Monday, March 21, 2011

Review: Submarine

Welsh quirk.

Roberts and Paige in Submarine

Despite the fact that his name is nowhere to be found during the opening credits (although Ben Stiller acts as a producer, tellingly), there's little evidence in the opening few minutes of Submarine that this isn't a film by Wes Anderson. Except maybe some Welsh accents. Yet the American Empirical-esque titles, an introspective and highly neurotic young protagonist (who amusingly has a photo of Woody Allen beside his bed) and the playful cinematography certainly give off the vibe of an Anderson joint. It's a small niggle that persists at the quirkier moments of this movie, but luckily Richard Ayoade - well known in comedy circles as the bespectacled oddball in the IT Crowd and the hospital boss in the quite frankly sublime Garth Marenghi's Dark Place - in his feature debut crafts a film with an unusual and distinct identity too.

Based on the book by Joe Dunthorne, Craig Roberts plays Oliver Tate, our neurotic protagonist who shares with us his bizarre internal monologues and concern in voice-over form. The film follows his unusual romantic relationship with classmate Joanna Brewster (Yasmin Paige) which begins as a sort-of revenge on Joanna's ex, but soon quietly blossoms into something more. Meanwhile, Oliver is also worrying obsessed with the state of his parents' (the always reliable Noah Taylor and Sally Hawkins) relationship and, more peculiarly, their sex life. His mother's ex, a slightly demented but energetic psychic played by the excellent Paddy Considine, moving in next door doesn't help. Dealing with his own problems as well intruding on other peoples', Oliver begins to come of age.

A film as quirky as Submarine will always come across as slightly cold and removed, and sometimes the characters and their actions are so bizarre that it's hard to entirely invest in their emotional turmoil. Oliver, for example, is the kind of fellow who thinks taking his girlfriend to his "favourite industrial estate" is a good date and opportunity to ask her to sleep with him. Joanna is a pyromaniac, though, so maybe it isn't so much of a stretch. It has that precarious, detached feeling an awful lot of indie films are criticised for, and if you're not a fan of Anderson-esque quirk, there are moments here that may have you cringing: perhaps as they namecheck old reliables like Serge Gainsbourg or J.D. Salinger. It's all done with tongue-in-cheek though, with Oliver purposefully acting pretentious to impress.

Luckily, there's something beneath the eccentric surface. The acting certainly helps, with the central cast almost universally excellent. Hawkins and Taylor portray middle-aged despondence perfectly, their performances full of heartache, frustration and silent regrets. Considine is always great, and while his character is perhaps played a bit too much for laughs on occasion (I dare you not to giggle at the blowjob scene though) there's also a weird loneliness there that is never expressed explicitly. Paige plays Joanna at first as a hyperactive teen that slowly becomes sadder as reality hits hard. And finally Craig Roberts is likable in a jittery central performance. Oliver is kind of like a less confident (except in his head) Max Fischer, although there are much stronger hints that Tate may in fact by slightly psychologically disturbed and obsessed. Eventually though - and commented on by Tate himself - he grows up, however slightly.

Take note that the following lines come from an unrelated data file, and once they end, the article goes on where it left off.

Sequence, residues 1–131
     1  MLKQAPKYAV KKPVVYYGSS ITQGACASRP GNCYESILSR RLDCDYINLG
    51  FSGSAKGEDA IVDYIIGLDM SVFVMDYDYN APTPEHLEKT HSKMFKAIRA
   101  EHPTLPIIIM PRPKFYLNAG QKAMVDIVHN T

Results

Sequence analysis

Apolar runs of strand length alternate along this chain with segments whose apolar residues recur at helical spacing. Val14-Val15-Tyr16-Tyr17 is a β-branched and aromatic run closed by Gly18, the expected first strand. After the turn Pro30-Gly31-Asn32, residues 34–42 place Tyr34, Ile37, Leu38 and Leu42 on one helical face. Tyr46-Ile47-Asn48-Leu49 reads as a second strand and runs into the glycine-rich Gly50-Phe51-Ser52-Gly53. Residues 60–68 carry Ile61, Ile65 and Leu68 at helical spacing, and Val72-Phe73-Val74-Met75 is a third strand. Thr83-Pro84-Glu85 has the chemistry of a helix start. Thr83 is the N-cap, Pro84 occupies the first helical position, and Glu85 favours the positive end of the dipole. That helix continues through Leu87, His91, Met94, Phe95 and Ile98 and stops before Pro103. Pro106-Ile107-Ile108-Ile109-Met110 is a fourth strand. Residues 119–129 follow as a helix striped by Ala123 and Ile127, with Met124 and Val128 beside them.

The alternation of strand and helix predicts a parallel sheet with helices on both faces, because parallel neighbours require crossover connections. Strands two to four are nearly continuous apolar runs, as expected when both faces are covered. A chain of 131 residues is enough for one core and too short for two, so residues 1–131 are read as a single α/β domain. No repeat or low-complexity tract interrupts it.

The story progresses from removed eccentricities to removed emotion over the course of the running time. With a protagonist as unusual as Oliver the emotional undercurrents that eventually come into play are never obnoxiously stated, Ayoade instead having the confidence to play scenes minus cliches and with moments of silence and humour. Unfortunately, a precariously indie soundtrack by Alex Turner of the Arctic Monkeys doesn't help - at least when the lyrics kick in it doesn't. There are also a number of lulls. Despite frequent appearances to the contrary, this pretty much follows the standard rom-com structure, and even with moments of emotional clarity in the final few scenes there are few major surprises.

It's not a flawless success, then, but it is a confident debut from Ayoade. Filmed inventively throughout by cinematographer Erik Wilson, it ultimately does distance itself from the Wes Anderson influence. It may share the same sort of quirky protagonist and bold typefaces of Rushmore, but certainly has a unique screen presence. It's witty as opposed to laugh-out-loud funny, and the payoffs demand a little bit of work from the audience. But it overcomes a cold, removed exterior to have moments of real warmth amongst the absurdities and exaggerations. Not quite a great film, but one that shows a lot of promise.

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